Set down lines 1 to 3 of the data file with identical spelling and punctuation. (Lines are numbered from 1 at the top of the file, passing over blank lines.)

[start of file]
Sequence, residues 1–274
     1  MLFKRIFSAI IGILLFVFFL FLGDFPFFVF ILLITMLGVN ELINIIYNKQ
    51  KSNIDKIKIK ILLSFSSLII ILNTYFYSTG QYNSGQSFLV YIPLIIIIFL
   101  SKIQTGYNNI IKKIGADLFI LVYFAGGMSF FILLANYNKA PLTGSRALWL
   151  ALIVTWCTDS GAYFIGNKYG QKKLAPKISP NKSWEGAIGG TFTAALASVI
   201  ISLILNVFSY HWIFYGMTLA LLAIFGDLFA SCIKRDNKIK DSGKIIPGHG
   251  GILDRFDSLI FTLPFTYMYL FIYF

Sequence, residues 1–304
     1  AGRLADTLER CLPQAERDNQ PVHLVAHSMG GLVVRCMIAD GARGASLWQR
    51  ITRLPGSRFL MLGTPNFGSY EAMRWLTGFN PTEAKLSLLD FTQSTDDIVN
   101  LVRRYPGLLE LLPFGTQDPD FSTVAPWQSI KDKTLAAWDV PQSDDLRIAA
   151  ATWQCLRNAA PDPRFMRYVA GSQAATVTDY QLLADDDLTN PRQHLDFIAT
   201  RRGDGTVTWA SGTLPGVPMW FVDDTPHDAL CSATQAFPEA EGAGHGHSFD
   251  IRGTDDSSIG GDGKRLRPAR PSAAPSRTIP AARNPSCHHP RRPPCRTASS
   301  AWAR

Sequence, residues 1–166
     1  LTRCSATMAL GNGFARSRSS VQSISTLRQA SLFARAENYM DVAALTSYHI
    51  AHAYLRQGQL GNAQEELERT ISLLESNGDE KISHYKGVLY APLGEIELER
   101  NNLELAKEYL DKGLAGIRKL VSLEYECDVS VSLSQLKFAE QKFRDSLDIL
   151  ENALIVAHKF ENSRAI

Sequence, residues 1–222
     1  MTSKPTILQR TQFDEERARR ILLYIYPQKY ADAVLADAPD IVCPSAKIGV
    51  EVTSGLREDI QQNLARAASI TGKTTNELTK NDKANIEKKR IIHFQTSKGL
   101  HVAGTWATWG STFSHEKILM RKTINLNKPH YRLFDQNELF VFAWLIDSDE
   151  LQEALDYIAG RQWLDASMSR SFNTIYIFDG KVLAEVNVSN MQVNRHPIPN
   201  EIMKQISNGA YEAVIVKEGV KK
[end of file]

Sequence, residues 1–274
     1  MLFKRIFSAI IGILLFVFFL FLGDFPFFVF ILLITMLGVN ELINIIYNKQ
    51  KSNIDKIKIK ILLSFSSLII ILNTYFYSTG QYNSGQSFLV YIPLIIIIFL